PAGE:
Political activist and civic reformer Brett Mandel put it this way: “It’s not that term limits are in and of themselves a great thing. But given the fact that you’re much more likely to see a council member die in office or go to jail than you are to see them lose an election, it’s pretty clear that Philadelphia has proven unable to infuse our Legislature with new blood.”

As opposed to the district seats, there is more competition for the seven at-large Council seats, where candidates compete to become one of five names nominated by each party. The chosen 10 then face off for the seven available spots, guaranteeing at least two Republican council members in this heavily Democratic City. And we’re seeing several new faces vying for those seats this year.

But still, it’s difficult to win without the backing of Philadelphia’s party machine, which decides whether your name gets on the coveted lists of “recommended” candidates that get handed out at polling places on Election Day. 

So the end result is that in the past nine election cycles, which included a total of 153 Council seats on the ballot, only five were actually open seats.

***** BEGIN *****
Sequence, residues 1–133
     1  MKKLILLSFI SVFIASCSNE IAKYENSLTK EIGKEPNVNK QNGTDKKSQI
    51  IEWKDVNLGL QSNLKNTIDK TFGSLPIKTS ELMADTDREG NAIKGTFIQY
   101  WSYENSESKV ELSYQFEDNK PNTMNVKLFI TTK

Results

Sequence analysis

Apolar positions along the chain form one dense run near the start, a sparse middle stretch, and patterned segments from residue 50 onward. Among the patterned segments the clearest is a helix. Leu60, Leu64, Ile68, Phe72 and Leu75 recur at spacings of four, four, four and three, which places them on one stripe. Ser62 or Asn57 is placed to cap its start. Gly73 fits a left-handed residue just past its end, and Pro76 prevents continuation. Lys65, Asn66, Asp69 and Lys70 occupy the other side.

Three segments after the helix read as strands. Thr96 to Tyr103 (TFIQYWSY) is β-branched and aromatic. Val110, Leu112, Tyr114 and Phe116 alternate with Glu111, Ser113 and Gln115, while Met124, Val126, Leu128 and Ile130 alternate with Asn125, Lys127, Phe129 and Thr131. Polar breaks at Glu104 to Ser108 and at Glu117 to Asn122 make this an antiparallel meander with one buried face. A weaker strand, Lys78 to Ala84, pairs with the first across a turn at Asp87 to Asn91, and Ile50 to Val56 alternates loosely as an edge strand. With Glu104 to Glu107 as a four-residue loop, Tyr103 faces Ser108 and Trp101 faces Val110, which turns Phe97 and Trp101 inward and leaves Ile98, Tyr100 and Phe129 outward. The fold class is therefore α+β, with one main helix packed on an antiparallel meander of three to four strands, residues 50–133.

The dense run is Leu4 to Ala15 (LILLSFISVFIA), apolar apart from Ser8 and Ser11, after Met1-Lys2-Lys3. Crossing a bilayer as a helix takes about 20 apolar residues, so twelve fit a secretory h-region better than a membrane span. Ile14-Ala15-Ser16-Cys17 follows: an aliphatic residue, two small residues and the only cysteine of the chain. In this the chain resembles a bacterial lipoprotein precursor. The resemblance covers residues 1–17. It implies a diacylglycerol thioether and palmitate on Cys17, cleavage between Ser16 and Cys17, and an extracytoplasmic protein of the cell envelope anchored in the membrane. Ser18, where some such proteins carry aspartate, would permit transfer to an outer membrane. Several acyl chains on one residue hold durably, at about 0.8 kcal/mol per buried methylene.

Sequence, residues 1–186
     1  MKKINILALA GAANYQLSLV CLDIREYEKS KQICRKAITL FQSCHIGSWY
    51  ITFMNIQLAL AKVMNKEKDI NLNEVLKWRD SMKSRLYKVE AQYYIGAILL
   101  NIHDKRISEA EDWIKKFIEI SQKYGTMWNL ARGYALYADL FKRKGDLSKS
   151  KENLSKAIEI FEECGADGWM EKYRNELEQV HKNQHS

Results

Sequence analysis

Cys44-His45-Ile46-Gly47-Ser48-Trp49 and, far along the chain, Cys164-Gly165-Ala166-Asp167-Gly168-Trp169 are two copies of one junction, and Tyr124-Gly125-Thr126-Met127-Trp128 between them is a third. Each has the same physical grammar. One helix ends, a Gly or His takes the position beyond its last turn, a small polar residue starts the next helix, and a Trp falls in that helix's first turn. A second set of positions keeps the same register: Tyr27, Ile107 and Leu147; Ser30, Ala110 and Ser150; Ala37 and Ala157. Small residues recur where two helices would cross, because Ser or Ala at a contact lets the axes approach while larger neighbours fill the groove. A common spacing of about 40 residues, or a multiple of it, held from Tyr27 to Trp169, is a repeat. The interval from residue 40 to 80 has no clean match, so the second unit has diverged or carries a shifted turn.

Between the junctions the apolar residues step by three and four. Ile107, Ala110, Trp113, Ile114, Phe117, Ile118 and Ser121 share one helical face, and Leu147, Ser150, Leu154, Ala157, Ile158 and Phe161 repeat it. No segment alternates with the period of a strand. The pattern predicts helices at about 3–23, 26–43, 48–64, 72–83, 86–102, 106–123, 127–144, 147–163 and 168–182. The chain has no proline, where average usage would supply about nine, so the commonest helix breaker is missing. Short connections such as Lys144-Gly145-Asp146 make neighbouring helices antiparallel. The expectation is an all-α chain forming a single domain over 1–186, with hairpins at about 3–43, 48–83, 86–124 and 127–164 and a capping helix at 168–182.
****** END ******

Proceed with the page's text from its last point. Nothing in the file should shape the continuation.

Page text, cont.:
When you really think about it, this seems crazy. Despite recent population gains and some economic momentum in Center City, Philadelphia is facing big problems that could sink our city: failed public schools, crippling pension debt, a self-defeating tax structure and an ever-shrinking base of well-paying jobs. So far, this long-serving City Council hasn’t done much to fix them. 

Why aren’t more people trying to take their jobs?

“Actually, it doesn’t surprise me at all, and I’m betting that your incumbents win over and over again, with no challengers and very low voter turnout,” said Nick Tomboulides, spokesman for U.S. Term Limits.org, a group that advocates for term limits nationwide. “Who wants to jump in and challenge someone who’s backed by a massive machine, with all kinds of special-interest money, and expose themselves to political retribution when they lose? That’s why most smart challengers wait for open seats.”

If enacted, term limits would put Philadelphia in good company. Of the nation’s 10 largest cities, only one, Chicago, has no term limits at all. Philadelphia is the only large city that limits the mayor’s term and not City Council’s. 

But it wouldn’t be easy. It would require a charter change, which means a yes vote from at least 12 sitting council members as well as the approval of a majority of voters. 

Still, Perelman feels like they’re getting somewhere. For proof, she pointed to the Philadelphia Inquirer’s recent endorsement of four challengers in City Council races. 

“We checked – the last time they endorsed so many new faces was back in 1991. So it’s not like this is a paper that has a habit of embracing newcomers,” she said. “For me, that’s the best example of why we feel our message is the right one for right now, and that it’s registering with voters.”